You may remember Walter Willett from about this time last year, when Gary Taubes took him to task on the pages of Discover for promoting sloppy science. His piece included an excoriating indictment of Willett’s work, agenda and track record:
As a case study, I used a collaboration of researchers from the Harvard School of Public Health, led by Walter Willett, who runs the Nurses’ Health Study. And I pointed out that every time that these Harvard researchers had claimed that an association observed in their observational trials was a causal relationship—that food or drug X caused disease or health benefit Y—and that this supposed causal relationship had then been tested in experiment, the experiment had failed to confirm the causal interpretation—i.e., the folks from Harvard got it wrong. Not most times, but every time.
Well, this time it’s not just Gary Taubes taking issue with Willet. The journal Nature this month published an OpEd and a news article that both take Willett to task for how he rebuked research he didn’t agree with. Namely, research that supports the “Obesity Paradox”, or dares to illustrate that people who are overweight (but not obese) have lower mortality than those who are “normal” weight.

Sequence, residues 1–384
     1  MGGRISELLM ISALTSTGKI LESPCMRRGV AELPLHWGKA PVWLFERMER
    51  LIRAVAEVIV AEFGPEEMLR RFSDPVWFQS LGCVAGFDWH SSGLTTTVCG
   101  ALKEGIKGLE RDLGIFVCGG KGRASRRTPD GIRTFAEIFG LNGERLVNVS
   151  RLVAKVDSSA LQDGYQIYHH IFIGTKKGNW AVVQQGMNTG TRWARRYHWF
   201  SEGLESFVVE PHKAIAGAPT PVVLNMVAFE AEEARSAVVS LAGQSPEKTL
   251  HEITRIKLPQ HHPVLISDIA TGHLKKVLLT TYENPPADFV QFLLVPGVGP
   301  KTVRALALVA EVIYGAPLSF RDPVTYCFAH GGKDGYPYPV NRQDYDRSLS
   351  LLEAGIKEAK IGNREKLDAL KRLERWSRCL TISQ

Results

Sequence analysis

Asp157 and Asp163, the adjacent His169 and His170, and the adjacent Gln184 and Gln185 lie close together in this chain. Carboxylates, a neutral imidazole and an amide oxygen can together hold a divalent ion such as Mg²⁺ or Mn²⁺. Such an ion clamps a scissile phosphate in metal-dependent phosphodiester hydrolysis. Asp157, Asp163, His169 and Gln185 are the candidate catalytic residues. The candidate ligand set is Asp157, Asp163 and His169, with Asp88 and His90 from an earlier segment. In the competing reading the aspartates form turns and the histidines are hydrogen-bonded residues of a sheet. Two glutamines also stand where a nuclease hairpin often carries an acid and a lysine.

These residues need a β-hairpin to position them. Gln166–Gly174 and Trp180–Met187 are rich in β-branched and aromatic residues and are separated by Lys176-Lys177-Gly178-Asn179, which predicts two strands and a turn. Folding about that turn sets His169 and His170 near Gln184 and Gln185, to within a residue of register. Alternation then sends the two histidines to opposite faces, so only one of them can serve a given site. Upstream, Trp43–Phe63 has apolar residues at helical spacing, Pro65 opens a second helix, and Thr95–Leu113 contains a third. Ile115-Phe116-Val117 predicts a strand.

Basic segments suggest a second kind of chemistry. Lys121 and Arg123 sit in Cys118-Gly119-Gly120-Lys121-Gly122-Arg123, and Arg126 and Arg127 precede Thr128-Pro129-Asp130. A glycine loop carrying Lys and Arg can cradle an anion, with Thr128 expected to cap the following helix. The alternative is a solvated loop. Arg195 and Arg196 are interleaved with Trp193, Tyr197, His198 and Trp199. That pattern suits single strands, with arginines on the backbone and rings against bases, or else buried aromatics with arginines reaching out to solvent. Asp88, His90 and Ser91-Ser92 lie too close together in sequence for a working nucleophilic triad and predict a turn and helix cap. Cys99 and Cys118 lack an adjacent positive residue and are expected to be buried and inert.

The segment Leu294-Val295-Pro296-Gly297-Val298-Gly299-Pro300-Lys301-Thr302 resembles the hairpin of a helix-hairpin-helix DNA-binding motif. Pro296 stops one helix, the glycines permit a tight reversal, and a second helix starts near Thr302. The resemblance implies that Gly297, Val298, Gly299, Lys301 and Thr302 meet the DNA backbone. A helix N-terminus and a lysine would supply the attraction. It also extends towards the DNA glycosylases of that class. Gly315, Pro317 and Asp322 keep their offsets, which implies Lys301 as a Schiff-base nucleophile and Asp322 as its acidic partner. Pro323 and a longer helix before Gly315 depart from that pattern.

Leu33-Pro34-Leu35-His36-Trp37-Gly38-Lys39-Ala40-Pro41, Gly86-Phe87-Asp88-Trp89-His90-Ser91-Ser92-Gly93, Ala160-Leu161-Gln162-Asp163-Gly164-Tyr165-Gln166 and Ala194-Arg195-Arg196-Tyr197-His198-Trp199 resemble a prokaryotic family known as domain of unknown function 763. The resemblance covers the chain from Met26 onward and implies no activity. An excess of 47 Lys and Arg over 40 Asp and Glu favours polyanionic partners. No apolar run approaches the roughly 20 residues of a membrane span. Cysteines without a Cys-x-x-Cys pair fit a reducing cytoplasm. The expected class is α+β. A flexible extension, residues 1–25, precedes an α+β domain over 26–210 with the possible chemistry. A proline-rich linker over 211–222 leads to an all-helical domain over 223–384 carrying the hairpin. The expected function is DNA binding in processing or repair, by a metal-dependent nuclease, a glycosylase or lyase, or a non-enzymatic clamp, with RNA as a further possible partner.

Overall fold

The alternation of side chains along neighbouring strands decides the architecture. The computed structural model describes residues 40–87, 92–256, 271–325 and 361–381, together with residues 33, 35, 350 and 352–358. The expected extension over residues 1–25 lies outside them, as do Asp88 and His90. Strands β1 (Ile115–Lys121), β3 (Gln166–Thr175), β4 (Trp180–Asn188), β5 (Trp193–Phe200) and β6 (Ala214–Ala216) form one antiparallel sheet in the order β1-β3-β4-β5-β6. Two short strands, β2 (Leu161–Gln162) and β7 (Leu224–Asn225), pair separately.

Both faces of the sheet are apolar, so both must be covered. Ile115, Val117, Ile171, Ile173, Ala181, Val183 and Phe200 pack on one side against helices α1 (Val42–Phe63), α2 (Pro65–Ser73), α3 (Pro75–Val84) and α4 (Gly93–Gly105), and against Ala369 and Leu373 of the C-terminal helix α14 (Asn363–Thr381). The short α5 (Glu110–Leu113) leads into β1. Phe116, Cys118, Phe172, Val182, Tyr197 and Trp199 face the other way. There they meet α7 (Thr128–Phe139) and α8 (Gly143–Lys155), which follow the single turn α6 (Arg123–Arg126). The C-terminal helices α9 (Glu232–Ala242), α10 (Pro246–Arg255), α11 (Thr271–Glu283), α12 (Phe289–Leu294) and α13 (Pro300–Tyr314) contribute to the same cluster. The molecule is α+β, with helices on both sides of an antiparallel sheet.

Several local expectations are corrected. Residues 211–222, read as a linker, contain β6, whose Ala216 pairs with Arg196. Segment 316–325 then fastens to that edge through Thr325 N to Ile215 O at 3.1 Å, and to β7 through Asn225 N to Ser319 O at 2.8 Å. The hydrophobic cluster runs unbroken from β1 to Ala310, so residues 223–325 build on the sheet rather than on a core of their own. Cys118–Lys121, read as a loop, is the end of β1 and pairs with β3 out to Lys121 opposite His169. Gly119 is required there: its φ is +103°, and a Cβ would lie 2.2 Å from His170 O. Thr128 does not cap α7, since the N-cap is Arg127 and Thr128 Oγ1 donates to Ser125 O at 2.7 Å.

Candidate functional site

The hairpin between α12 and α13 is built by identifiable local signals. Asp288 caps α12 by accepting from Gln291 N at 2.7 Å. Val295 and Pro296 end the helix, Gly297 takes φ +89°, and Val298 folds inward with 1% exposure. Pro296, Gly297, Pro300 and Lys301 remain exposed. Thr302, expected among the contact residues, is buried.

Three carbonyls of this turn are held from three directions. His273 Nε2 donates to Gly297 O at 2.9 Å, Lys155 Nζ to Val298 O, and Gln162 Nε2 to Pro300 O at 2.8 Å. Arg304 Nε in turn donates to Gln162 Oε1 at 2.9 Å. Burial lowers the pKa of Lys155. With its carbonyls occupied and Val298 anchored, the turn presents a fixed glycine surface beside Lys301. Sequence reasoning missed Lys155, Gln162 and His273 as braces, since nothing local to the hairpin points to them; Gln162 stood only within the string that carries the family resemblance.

Willett got up in arms when Katherine Flegal, a researcher from the CDC, conducted a meta analysis of the literature and concluded, essentially, that the obesity paradox was real. Shame on her.
Even though her research had (has) plenty of support, Willett went on the attack, calling her work “a pile of rubbish” and claimed it was, “flawed”, “misleading” and “confusing to so many people”. If that wasn’t enough, he later redoubled his offensive, organizing a conference to “respond” to the research.
Sadly, we’re neither above nor inured to this type of drama in the nutrition community. And so it is that Walter Willett is served his big dish of comeuppance, in not one, but two slices, by none other than the Journal Nature. Let’s hope for Willett’s sake that comeuppance isn’t fattening…
- Top Science Journal Rebukes Harvard’s Top Nutritionist, Butterworth, Trevor. Forbes (OpEd), 5/27/2013.
- Shades of Grey, Nature (editorial), May 22, 2013.
- The Big Fat Truth, Virginia Hughes, Nature, May 22, 2013.
- Association of All-Cause Mortality With Overweight and Obesity Using Standard Body Mass Index Categories: A Systematic Review and Meta-analysis, Flegal et al. Journal of the American Medical Association (JAMA), January 2, 2013. 2013;309(1):71-82. doi:10.1001/jama.2012.113905.
- Chocolate & Red Meat Can Be Bad for Science: Why Many Nutrition Studies Are All Wrong, Gary Taubes, Discover. April 5, 2012.
- Gary Taubes Takes Sloppy Science to School, O’Neill, Michael. Ketopia, April 5, 2012